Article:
The European Medicines Agency has waived the obligation to submit the results of studies with Exforge HCT in all subsets of the paediatric population in essential hypertension. See Dosage & Administration for information on paediatric use.
Pharmacokinetics: Linearity: Amlodipine, valsartan and hydrochlorothiazide exhibit linear pharmacokinetics.
Amlodipine/valsartan/hydrochlorothiazide: Following oral administration of Exforge HCT in normal healthy adults, peak plasma concentrations of amlodipine, valsartan and hydrochlorothiazide are reached in 6-8 hours, 3 hours, and 2 hours, respectively. The rate and extent of absorption of amlodipine, valsartan and hydrochlorothiazide from Exforge HCT are the same as when administered as individual dosage forms.
Amlodipine: Absorption: After oral administration of therapeutic doses of amlodipine alone, peak plasma concentrations of amlodipine are reached in 6-12 hours. Absolute bioavailability has been calculated as between 64% and 80%. Amlodipine bioavailability is unaffected by food ingestion.
Distribution: Volume of distribution is approximately 21 l/kg. In vitro studies with amlodipine have shown that approximately 97.5% of circulating drug is bound to plasma proteins.
Biotransformation: Amlodipine is extensively (approximately 90%) metabolised in the liver to inactive metabolites.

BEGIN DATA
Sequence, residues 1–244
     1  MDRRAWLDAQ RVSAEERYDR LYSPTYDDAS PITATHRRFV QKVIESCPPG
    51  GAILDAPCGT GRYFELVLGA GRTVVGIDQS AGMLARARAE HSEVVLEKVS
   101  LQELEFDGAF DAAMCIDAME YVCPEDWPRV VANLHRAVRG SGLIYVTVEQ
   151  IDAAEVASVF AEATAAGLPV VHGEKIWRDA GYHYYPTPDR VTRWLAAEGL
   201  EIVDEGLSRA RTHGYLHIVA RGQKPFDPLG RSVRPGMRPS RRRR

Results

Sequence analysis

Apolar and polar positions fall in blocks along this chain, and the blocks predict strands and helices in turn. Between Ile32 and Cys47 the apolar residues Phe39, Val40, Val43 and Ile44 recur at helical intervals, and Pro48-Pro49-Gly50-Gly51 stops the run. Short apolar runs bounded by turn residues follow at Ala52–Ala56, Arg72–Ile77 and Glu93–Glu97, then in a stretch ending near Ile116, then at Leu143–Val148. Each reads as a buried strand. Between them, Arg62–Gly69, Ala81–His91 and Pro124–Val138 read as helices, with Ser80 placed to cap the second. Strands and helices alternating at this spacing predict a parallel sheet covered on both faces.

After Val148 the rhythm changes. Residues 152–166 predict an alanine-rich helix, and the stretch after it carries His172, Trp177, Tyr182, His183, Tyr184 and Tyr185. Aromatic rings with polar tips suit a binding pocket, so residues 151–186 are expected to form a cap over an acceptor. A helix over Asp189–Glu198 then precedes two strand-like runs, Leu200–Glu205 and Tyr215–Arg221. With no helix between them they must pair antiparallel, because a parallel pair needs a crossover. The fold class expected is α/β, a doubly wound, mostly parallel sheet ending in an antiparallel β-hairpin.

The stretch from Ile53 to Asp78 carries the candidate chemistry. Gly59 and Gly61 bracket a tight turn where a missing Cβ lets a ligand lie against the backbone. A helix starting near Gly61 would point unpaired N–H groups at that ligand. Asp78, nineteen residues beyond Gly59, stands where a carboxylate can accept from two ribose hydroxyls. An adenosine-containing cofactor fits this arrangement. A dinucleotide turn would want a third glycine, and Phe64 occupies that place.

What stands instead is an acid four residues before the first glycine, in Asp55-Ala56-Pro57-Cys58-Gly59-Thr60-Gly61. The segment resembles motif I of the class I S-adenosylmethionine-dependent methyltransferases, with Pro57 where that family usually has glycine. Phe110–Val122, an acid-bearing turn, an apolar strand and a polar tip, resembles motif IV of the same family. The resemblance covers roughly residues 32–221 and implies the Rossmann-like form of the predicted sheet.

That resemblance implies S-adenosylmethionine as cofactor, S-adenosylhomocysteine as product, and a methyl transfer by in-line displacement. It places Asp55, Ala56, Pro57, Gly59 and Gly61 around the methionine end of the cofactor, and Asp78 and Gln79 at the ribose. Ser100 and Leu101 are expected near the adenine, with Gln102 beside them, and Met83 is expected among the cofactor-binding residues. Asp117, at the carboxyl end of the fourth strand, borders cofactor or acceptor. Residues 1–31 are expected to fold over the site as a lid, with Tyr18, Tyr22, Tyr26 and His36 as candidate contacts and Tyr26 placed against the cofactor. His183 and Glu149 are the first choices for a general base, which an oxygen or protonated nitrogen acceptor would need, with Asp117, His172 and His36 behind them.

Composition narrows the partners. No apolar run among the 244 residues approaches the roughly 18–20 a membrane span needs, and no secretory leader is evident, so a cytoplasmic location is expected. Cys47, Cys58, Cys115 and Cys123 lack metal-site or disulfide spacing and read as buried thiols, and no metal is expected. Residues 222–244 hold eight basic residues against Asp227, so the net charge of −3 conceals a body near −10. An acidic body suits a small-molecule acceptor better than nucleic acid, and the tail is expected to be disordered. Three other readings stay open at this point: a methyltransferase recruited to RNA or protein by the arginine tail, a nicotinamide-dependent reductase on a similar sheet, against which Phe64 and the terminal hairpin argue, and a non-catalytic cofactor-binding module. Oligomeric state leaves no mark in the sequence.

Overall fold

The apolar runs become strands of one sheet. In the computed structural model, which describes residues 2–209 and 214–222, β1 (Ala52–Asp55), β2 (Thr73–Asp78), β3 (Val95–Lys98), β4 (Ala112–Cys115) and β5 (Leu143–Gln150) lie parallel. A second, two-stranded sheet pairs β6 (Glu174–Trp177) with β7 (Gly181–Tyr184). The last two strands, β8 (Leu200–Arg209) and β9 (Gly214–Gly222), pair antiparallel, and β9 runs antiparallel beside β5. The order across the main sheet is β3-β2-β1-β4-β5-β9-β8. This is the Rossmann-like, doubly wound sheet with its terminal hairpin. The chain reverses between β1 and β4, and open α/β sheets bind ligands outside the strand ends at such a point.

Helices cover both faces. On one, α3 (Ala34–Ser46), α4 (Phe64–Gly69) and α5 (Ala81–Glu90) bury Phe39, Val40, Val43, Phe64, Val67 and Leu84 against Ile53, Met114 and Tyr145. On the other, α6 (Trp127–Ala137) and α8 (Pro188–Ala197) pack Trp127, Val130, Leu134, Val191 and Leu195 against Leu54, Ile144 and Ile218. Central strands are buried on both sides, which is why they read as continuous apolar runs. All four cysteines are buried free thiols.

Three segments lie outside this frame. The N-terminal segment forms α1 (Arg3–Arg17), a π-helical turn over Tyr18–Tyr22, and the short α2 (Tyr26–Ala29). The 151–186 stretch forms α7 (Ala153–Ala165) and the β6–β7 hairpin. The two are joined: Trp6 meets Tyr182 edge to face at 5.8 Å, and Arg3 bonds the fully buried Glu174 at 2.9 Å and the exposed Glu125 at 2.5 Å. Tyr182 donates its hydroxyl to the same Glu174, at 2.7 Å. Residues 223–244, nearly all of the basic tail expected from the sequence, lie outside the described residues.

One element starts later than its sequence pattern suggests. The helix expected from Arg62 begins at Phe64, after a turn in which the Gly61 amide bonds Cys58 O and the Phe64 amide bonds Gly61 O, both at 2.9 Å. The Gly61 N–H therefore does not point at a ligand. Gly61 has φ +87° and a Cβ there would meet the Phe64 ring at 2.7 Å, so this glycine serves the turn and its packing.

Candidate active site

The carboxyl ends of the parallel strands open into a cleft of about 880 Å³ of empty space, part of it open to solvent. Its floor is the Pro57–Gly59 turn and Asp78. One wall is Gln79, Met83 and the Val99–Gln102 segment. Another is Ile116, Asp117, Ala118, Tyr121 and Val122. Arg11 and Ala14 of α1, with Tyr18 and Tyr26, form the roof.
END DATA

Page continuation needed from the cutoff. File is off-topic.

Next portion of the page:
Elimination: Amlodipine elimination from plasma is biphasic, with a terminal elimination half-life of approximately 30 to 50 hours. Steady-state plasma levels are reached after continuous administration for 7-8 days. Ten percent of original amlodipine and 60% of amlodipine metabolites are excreted in urine.
Valsartan: Absorption: Following oral administration of valsartan alone, peak plasma concentrations of valsartan are reached in 2-4 hours. Mean absolute bioavailability is 23%. Food decreases exposure (as measured by AUC) to valsartan by about 40% and peak plasma concentration (Cmax) by about 50%, although from about 8 h post dosing plasma valsartan concentrations are similar for the fed and fasted groups. This reduction in AUC is not, however, accompanied by a clinically significant reduction in the therapeutic effect, and valsartan can therefore be given either with or without food.
Distribution: The steady-state volume of distribution of valsartan after intravenous administration is about 17 litres, indicating that valsartan does not distribute into tissues extensively. Valsartan is highly bound to serum proteins (94-97%), mainly serum albumin.
Biotransformation: Valsartan is not transformed to a high extent as only about 20% of dose is recovered as metabolites. A hydroxy metabolite has been identified in plasma at low concentrations (less than 10% of the valsartan AUC). This metabolite is pharmacologically inactive.